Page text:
I miss the walks my SM and I used to take in the woods. Walk with me was an opening for a SM conference where it should be held, out in Gods splendor, not in a packed classroom full of the controlled chaos of a troop meeting. We all knew when we heard that invitation what it meant for our self and for each other. Today that phrase would be ridiculed as code words for doing something inappropriate (but I still manage to use it myself every now and then). So yes, some of that has changed; but there is still some leeway. In BS we are in it for the long haul and can build friendships and relationships that show our caring for each other. Guys Ive had for three or more years from Webs thru HS, that bond and trust is there. Getting phone calls and emails from guys that are off in college comes from that relationship. Their parents know and trust me to take their sons to far away places and do things they never would otherwise. But Ive had to earn that trust with each and every family, which takes time and patience. Im a touchy guy, not afraid to put my hand on an arm or arm around the shoulders when I see it warranted. You are so right, there are times some of these guys need that. Some have never gotten a simple pat on the back or a handshake from their father. A simple thank you from an adult looking them in the eye and not down their nose; a treatment of respect from an adult for their hard work can do wonders for a boys growth. Im lucky because I dont have to discipline very much and I believe its because of that relationship. My guys get as defensive over someone not showing respect to me as I do about them. Its amazing how it feeds from itself. Leaders that dont have that relationship are missing one of the best parts of Scouting (and sadly we all see those guys).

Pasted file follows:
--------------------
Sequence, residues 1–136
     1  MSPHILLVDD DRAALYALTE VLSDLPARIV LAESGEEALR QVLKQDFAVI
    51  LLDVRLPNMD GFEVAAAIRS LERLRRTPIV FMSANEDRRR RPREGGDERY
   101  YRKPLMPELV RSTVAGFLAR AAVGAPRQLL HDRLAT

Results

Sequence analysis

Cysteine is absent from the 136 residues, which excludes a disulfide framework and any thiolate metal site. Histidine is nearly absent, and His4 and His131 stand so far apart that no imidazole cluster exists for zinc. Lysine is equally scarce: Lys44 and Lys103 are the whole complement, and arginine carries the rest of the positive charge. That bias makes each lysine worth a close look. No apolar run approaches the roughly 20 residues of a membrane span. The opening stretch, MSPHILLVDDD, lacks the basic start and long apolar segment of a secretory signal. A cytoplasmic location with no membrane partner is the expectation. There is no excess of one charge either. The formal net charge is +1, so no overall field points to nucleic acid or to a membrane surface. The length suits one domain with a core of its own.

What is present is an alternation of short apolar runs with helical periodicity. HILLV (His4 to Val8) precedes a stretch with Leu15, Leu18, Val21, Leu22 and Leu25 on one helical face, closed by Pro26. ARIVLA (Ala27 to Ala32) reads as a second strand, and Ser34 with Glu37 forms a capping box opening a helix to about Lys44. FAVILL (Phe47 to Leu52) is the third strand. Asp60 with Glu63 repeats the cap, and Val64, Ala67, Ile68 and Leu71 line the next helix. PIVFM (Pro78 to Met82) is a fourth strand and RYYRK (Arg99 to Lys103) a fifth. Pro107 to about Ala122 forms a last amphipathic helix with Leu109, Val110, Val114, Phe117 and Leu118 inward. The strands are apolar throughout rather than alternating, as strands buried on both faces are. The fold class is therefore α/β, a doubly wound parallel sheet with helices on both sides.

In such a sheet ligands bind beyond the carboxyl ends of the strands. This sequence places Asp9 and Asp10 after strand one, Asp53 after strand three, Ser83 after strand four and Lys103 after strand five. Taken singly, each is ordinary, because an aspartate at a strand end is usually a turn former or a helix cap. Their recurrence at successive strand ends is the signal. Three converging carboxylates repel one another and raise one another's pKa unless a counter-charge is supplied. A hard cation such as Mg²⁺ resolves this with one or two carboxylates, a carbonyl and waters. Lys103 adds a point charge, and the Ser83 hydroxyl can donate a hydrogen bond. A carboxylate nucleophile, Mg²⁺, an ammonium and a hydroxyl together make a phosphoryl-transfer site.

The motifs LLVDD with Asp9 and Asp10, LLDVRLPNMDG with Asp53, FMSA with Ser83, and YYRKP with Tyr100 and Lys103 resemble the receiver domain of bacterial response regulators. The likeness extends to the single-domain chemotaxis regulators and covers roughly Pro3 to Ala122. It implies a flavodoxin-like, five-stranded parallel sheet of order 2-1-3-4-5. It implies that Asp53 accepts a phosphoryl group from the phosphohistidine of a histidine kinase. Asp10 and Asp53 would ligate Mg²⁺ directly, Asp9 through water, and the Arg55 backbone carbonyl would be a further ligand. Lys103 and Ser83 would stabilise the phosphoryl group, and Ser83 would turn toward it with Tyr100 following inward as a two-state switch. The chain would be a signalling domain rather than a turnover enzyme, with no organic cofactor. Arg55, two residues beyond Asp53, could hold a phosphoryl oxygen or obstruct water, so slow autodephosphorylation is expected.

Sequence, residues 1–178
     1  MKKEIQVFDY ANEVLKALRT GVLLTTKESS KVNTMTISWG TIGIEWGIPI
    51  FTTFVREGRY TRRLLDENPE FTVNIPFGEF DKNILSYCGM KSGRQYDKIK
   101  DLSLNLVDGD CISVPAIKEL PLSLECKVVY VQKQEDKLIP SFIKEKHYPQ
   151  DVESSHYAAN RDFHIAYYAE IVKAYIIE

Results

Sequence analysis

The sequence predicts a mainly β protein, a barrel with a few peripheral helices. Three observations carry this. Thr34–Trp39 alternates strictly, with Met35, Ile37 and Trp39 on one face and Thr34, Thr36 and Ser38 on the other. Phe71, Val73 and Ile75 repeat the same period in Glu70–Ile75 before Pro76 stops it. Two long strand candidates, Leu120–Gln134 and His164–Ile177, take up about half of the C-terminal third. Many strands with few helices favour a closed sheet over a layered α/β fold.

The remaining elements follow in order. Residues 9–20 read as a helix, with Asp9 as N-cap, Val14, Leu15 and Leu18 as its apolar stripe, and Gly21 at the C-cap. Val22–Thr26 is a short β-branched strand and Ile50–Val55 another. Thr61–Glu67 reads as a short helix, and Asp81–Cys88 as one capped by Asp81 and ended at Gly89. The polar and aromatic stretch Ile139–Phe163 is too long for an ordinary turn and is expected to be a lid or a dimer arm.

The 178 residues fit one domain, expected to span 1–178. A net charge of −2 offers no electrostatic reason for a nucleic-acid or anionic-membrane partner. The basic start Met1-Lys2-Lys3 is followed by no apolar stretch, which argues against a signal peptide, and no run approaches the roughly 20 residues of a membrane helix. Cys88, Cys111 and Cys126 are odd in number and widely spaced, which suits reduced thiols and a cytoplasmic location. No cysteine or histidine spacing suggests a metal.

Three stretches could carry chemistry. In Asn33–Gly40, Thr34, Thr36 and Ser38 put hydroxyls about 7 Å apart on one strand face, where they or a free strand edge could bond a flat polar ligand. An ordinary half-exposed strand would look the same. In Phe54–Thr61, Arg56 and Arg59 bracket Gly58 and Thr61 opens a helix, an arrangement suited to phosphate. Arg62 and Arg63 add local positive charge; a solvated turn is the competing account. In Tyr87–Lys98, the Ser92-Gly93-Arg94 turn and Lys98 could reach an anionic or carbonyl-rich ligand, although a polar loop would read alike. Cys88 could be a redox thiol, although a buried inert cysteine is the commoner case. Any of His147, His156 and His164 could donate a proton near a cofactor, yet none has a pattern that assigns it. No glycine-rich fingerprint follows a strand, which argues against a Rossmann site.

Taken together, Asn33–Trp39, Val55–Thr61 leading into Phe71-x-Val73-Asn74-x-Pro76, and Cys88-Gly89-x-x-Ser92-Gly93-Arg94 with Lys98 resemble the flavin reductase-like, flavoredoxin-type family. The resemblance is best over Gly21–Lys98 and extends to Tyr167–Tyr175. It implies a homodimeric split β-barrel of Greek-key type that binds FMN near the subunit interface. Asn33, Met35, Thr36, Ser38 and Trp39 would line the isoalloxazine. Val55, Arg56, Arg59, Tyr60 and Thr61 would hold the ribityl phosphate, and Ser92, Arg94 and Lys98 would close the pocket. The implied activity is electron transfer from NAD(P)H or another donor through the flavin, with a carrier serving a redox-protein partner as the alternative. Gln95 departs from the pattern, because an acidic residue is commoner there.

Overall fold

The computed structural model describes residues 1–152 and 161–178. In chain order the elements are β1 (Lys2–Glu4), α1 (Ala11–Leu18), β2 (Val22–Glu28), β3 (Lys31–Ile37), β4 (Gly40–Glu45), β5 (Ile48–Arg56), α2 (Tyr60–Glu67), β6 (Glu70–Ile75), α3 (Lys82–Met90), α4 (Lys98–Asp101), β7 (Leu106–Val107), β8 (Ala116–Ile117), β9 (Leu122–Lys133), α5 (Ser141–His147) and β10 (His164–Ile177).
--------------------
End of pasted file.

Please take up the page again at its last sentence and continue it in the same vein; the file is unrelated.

So vent a little, I did too. But its not so bad and the rewards only get better the longer youre at it. Youll find your own comfort zone and ways of dealing with the Scouts. Have fun!

 

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"I still liked it better in the 1960's."

 

Couldn't agree more (except for the Medical advances and a few other minor things).

 

Seriously, I thought about this all summer as I watched my 7 year old son. When I was his age it was precisely as you described - I was out exploring the woods around our suburban home, trekking along our "river", making forts, figuring out how to cross the "river" without getting wet, etc. He's not allowed out of the yard without permission, a bodyguard, etc. It's very sad IMHO.

 

That's why I see Cub Scouts as even more important today then when I was a kid. I have encouraged our families to participate in ALL the outdoor activities that are available. We did Family Camping twice last year, my family did Cub World for another day at the Scout Reservation. We visited the Nature Center, etc. As the boys in my, now, Wolf Den get older I hope to do more and more with them to fill in for what happened in my life in the 60's naturally and without adult sponsorship, organization, or supervision.(This message has been edited by docrwm)